• My tortoises groups are laying eggs in record numbers, and some of them are developing. I got six shoe boxes of eggs this year, which is impressive because they only lay one egg at a time, and I don’t start the incubation process for an individual box until there are at least 9 eggs in it. Not all of them will hatch. Most of them will not. But I am collecting some really valuable data, and I am trying some new things to see if I can hit the sweet spot and increase the hatch rate.

Common Spider Tortoise is awake and ready to hatch.

  • Power tools. I was able to build a new series of outdoor enclosures for the Northern Spider Tortoise adults, and as a result, they got to spend their summer outdoors. The natural sunlight does WONDERS. UV produces vitamin D, which in turn helps the females shell their eggs properly and utilize the calcium in their food, it gives them signals that can’t really be replicated indoors. Sometimes it takes a year to reap benefits, so it might be this upcoming breeding season before I see results, but I am hopeful. And proud. I did a thing with very little help, and I did it with power tools and an 8lb sledge-hammer.

 

  • Home Improvement Stores
  • My plants. Sorry, husband. They spark joy, so they stay…
  • My cell phone (it’s so much more fun and useful than I ever thought that it would be!)
  • The Padawan got his first job.
  • Family meals when Girl-Child tells stories from her days at private school
  • I’m getting better. One day at a time, one step at a time, if not feeling better, I am functioning better. I can at least make dinner some nights before getting into bed.
  • Little surprises. This banana plant was, to the casual observer, dead. Look what popped up yesterday while I was off!
  • My bed. My comfy, cozy, welcoming resting spot, covered in cats who want to be near me.
  • Puppies catching treats. You’re welcome.
  • Friends who prompt me to get the blogging done.

Alright. I have completed my post. Your mission, should you choose to accept it, is to write your own post. Visit Dawn to get complete rules and link up, and make sure you check out some of the other folks in the link-up. Come on in. The water’s fine!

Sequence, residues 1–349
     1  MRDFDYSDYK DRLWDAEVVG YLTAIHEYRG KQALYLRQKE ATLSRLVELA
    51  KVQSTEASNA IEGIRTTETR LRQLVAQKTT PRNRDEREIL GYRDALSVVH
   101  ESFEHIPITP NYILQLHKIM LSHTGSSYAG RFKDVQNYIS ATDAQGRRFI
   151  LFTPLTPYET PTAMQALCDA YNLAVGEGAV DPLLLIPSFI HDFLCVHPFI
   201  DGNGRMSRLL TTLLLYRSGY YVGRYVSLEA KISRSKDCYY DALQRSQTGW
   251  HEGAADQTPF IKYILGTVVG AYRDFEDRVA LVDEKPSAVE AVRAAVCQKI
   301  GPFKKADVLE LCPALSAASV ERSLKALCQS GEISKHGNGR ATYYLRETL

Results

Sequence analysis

The One Where I Learned What I Already Knew.

I have composed this post and recomposed it so many times. I do my best blogging in the shower. I’m brilliant, funny, clever. And then I sit down in front of the computer to write it out, and moths fly out of my ears. Don’t say voice-to-text. My next blog post would consist mostly of “Who took my tweezers? I put them RIGHT HERE! If you don’t like it when Mommy has whiskers, DON’T TAKE MY TWEEZERS!” and “Who flushed the toilet? I lost all the water pressure!”

This post is a bit of a departure from my normal doings. It’s less about humor or endangered species and more about real life. It’s about my smallest one, the child formerly known as Squish. He was horrified by this nickname and demanded that I change it at once. By his decree, he will henceforth be known as The Destroyer.

dp cucumbers help puffy eyes

One of my favorite goofballs

We’ve always known that the little critter marched to the beat of his own drummer. I love that about him. All of my kids are weird in their own wonderful ways. Weird is good. Weird suits me. I wouldn’t want to change one thing about them. This right here is one of my favorite stories. He’s kind of hilarious, and he views the world in his own special way.

I can’t say that the news was unexpected. We’ve seen it coming for a long time now. Since he was eighteen months old, we knew there was something different. Something a little… off. He was evaluated as a toddler for speech delay, but the delay wasn’t significant. Just something to keep an eye on. And I saw when he was in preschool that he tended to play alone. I talked to the teachers. Oh, no, he’s fine. He has LOTS of friends! The list of signs grew longer. Anxiety. Hand-biting. Running in place when he was overwhelmed. Tantrums that didn’t fade as he grew older. Panic attacks. Fears about weird things while daredeviling with stuff that could actually kill him. We suspected. We worked with teachers, worked together, trying to make a plan that would keep his development moving forward. His teachers have been phenomenal, always brainstorming about things that could help. We have been so, so fortunate.

We avoided having more evaluations done. We didn’t want to change our kid. We were so worried that a doctor would put the little guy on meds for ADHD. He is a busy little person, but we can work with busy. We did okay.

I am not even totally sure what caused us to pull the trigger on it and seek out additional evaluations. I think it was when the medication for his anxiety backfired and sent him into unexpected rages every evening. So we got a referral, we made some calls, and we waited. And after a grueling two-and-a-half hour appointment, we learned what we knew. The Destroyer is Autistic.